The distance from reference point **16** to a non-normalized or normalized (as discussed hereinafter) AVO point such as particular non-normalized or normalized P and G point could be referred to as a radius if radial coordinates are utilized rather than Cartesian coordinates. For convenience, the term radius may also be used herein as the distance from reference point **16** to a P and G point even though the plot may be based on Cartesian or radial coordinates or any desired coordinate system. For purposes of the present invention, the radius or distance from the reference point **16** to any particular point is itself considered another rock property. The radius may also be referred to as the lithologic/fluid contrast or differentiator upon which color scale **11** may preferably be at least partially based.

Classifying AVO points utilizing the radius from reference point **16** and an angle from reference point **16**, in accord with the present invention, may provide significant lithographic/fluid information with respect to any and all AVO data in graph **30** thereby overcoming shortcomings in prior art AVO analysis techniques alluded to hereinbefore wherein certain AVO points are disregarded and/or AVO points are not always thoroughly classified with respect to potential associated properties such as lithology, fluids, porosity, and/or AVO types.

While the techniques herein may be utilized in the abstract to filter and/or detect and/or locate subsurface formations of interest out of large masses of data via computer processing, the techniques of the present invention may also be utilized for portraying and/or visualizing sections of earth or slices as discussed hereinbelow.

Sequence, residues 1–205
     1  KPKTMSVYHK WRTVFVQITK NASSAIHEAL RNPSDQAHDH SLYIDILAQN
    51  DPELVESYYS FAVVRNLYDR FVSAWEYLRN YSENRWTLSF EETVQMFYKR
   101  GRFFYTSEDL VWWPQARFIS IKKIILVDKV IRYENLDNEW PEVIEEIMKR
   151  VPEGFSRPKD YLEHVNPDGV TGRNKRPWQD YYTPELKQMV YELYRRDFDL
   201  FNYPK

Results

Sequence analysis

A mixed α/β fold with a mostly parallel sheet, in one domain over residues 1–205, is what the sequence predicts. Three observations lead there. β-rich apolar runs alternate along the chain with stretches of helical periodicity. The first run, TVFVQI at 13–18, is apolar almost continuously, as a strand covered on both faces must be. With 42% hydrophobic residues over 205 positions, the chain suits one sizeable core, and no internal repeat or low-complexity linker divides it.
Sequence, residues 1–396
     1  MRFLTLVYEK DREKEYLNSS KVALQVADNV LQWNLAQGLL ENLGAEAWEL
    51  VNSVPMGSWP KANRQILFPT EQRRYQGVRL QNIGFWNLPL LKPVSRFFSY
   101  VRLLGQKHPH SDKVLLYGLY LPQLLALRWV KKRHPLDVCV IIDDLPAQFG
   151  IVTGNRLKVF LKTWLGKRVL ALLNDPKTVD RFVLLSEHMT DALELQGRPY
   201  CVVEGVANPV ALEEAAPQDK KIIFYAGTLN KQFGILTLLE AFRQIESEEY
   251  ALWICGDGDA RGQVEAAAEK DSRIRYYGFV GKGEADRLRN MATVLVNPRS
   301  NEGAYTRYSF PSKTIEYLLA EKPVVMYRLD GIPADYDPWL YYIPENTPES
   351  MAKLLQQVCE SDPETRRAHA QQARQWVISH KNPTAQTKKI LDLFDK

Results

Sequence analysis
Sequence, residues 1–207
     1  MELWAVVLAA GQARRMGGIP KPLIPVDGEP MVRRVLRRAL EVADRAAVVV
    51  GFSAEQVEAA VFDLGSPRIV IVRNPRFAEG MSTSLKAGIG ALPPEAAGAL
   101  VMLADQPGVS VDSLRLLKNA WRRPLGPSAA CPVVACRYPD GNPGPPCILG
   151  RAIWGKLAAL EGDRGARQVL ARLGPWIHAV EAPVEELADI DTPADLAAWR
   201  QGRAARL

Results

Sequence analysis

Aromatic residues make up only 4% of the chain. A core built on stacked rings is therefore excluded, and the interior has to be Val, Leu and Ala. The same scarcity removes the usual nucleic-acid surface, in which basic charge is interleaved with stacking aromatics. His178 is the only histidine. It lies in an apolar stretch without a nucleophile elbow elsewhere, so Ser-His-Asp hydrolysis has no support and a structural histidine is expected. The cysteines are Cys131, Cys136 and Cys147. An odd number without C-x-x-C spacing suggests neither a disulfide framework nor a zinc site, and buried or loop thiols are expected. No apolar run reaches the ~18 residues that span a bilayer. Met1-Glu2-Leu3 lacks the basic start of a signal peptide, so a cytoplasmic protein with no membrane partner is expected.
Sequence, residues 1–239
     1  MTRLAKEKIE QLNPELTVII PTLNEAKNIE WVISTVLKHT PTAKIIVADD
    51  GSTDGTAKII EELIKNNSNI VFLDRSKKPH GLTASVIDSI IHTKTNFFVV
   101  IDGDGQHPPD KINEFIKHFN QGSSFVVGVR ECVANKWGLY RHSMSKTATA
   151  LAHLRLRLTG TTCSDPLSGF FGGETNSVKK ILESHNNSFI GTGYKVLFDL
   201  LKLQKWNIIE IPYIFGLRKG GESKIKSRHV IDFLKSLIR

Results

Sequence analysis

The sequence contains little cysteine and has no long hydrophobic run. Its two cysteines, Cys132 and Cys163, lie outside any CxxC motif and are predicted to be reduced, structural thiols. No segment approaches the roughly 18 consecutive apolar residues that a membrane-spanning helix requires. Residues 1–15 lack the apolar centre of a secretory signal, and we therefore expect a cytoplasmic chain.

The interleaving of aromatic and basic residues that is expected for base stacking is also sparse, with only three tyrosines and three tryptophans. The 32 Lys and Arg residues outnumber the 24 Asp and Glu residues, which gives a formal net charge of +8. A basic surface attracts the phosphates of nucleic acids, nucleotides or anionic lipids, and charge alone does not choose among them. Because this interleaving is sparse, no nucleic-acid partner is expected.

Referring now to another important property of formations, a discussion is now made of porosity or pore space as related to the present invention. It will be understood that greater pore space permits storage of greater amounts of fluids such as valuable hydrocarbons. Gases also require at least some porosity in the formation. Referring now to FIG. 5A, arrow **18** is imposed on the plot. Generally, vector or arrow **18** may be at an angle of forty-five degrees, depending on the symmetry of the scale of plot **42**, and may be shown generally going through a central portion of plot **42**. Essentially, and more precisely, arrow **18** goes in the direction of what is considered to be an increase in porosity for AVO points within plot **42**. Generally vector **18** will be substantially parallel to an axis of a generally elliptical shape of the cluster of AVO data, as shown by ellipse **20** in FIG. 3A. Thus, at the bottom right of graph **42** where P is relatively high and G is relatively low, the porosity is considered to be low. At the top left of graph **42** where P is relatively low and G is relatively high, the porosity is considered high. If the P and G data were plotted in a different way, arrow **18** may be plotted and angled accordingly. The relative position of AVO data points with respect to arrow **18** is utilized to differentiate the porosity associated with those data points. The entire plot **42** could be covered with arrow **18** or a similar differentiator to thereby indicate that every AVO point can be classified with respect to porosity. However for sake of what is believed to be a more easily understood example, arrow **18** is illustrated is as shown. Accordingly, the present invention provides that along with lithology and fluids, a porosity of all or any AVO points and their associated x, y, z position may be detected by use of computer processing and, if desired, displayed as discussed hereinafter.